So Korea wasn't just a line on a map. It was where America drew the line in the sand on the Cold War; and where, for the first time, the nations of the whole world, together at the then newly-created United Nations, voted to use armed force to stop armed aggression.

The papers ordering Americans to combat in Korea included the marvelously romantic phrase, "for duty beyond the seas." Some duty. For those who fought it, there was no romance. The war was bitter, brutal and long. In the first weeks, not much went right. Troops from the occupation force in Japan were thrown

In the first weeks, not much went right. Troops from the Occupation Force in Japan were thrown into the middle of combat, not prepared to fight a war. Their weapons were rusty. Rockets from World War II bazookas bounced off Russian tanks like stones. In many ways, it wasn't a modern war at all. Oh, there were jets and helicopters, but most of the fighting was done with rifles, machine guns, bayonets and mortars. Soldiers lived in sandbagged bunkers and stood watch on lonely ridges.

It has been said that the Americans who fought in France in 1917 would have understood Korea; that the men who served under Lee and Grant would have recognized Korea. And then, of course, there was the weather. The Cold War was never so cold as in Korea. It may be hard to believe today, but imagine: they spent a few minutes in temperatures from time to time more than 50 degrees below zero. Now, imagine trying to fight a war in it. I'm told that pins even froze inside grenades.

Many died from shock brought on by the cold. And then, when summer came, there was no relief, but instead, 100-degree heat, and dust so thick, supply trucks had to keep their lights on at midday.

There is no question: Korea was war at its worst. But it was also America at its best.

These are men and women, as the memorial says -- (applause) -- these are men and women, as the memorial says, who answered the call to defend a country they never knew, and a people they had never met. Throughout most of the war, they were unbelievably out-gunned and out-manned, in some places 20 to one. But they never gave up and never gave in. At Pusan Perimenter, troops were so spread out, if you looked left and right, chances were you couldn't see another soldier. But the line did not break.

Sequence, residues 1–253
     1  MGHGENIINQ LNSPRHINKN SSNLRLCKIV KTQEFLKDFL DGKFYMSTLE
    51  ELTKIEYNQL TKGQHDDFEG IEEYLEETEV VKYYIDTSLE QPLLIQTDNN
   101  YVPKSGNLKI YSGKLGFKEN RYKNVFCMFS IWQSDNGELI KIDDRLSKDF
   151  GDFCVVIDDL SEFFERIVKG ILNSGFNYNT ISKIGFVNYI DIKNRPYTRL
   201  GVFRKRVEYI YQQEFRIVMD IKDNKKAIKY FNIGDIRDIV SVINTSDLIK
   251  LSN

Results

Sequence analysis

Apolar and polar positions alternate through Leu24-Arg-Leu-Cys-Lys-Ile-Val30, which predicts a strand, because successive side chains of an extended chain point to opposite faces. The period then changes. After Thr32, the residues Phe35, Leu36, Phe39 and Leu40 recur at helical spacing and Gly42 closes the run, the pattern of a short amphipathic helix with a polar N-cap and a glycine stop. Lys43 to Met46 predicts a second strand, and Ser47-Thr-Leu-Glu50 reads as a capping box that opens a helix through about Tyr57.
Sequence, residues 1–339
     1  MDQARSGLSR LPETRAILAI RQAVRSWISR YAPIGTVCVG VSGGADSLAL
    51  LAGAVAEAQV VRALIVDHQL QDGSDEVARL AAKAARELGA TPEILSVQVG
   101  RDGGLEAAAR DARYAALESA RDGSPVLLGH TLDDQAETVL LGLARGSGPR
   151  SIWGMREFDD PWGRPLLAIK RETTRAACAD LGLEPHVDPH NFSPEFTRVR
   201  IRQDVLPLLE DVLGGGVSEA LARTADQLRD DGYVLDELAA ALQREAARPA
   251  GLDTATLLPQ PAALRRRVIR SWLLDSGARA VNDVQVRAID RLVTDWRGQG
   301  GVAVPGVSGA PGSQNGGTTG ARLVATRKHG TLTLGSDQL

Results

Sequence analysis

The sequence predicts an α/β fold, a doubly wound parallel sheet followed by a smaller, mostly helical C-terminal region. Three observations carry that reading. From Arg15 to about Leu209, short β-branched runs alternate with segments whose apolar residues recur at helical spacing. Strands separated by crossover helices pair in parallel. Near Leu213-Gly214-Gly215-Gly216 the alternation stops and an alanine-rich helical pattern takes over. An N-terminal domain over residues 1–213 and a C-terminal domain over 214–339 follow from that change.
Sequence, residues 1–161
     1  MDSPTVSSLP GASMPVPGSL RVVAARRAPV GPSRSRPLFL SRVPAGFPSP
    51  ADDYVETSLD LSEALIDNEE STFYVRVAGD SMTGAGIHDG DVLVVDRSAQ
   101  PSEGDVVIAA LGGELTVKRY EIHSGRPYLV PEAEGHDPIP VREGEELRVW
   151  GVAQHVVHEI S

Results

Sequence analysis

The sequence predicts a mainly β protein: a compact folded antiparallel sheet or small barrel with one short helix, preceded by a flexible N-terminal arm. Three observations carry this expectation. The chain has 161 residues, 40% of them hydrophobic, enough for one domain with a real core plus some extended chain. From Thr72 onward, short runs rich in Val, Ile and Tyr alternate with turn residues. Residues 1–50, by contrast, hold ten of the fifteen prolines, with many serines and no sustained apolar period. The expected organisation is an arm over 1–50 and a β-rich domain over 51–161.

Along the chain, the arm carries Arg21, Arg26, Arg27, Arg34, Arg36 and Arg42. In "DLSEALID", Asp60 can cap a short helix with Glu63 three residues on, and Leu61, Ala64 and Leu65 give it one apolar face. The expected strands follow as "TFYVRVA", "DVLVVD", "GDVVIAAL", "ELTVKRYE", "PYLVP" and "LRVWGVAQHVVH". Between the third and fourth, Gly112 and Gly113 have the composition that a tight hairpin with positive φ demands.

At Inchon, troops had to scale a dangerous sea wall within a two-hour window. They went on to take back Seoul. At Mig Alley, Americans encountered the world's fastest fighter jets. For every jet the enemy shot down, our pilots shot down ten. At Heartbreak Ridge and Pork Chop Hill, wave after wave of enemy soldiers came crashing in. But our troops stood their ground. And at the Chosin Reservoir, when legendary Marine Lewis "Chesty" Puller heard that the Chinese troops had them surrounded, he replied, "Good, now they can't get away."

The Americans, South Koreans, and our allies who fought in Korea set a standard of courage that may someday be equalled, but can never be surpassed. Korea was not a police action or a crisis or a conflict or a clash. It was a war; a hard, brutal war. And the men and women who fought it were heroes. (Applause.)

There is another subject that has to be addressed here today. When the guns fell silent, some asked what our forces in Korea had done for freedom, after all; for, after all, the fighting began at the 38th parallel and ended at the 38th parallel. I submit to you today that looking back through the long lens of history, it is clear that the stand America took in Korea was indispensable to our ultimate victory in the Cold War. Because we stood our ground in Korea, the Soviet Union drew a clear lesson that America would fight for freedom.

Had Americans and our allies from South Korea to as far away as Turkey and Australia not shown commitment and fortitude, we could well later, as Harry Truman foresaw, have faced World War III. It is, therefore, not a stretch, to draw the line of history straight from those brave soldiers who stood their ground on ridged lines in Korea 50 years ago to the wonderfully happy young people who stood and celebrated on the Berlin Wall 10 years ago. (Applause.)

Because they all stood their ground, today South Korea is a free and prosperous nation, one of the great success stories in the world, as the Ambassador said, with the world's 12th largest economy -- and, I might add, a remarkable democratic leader in President Kim Dae-Jung. (Applause.)

Because we have continued to stand with our democratic ally, South Korea, with 37,000 American troops, standing watch on the border today, just as we have since 1953, we have kept the peace. And because of all that, there is now a chance for a different future on the Korean Peninsula.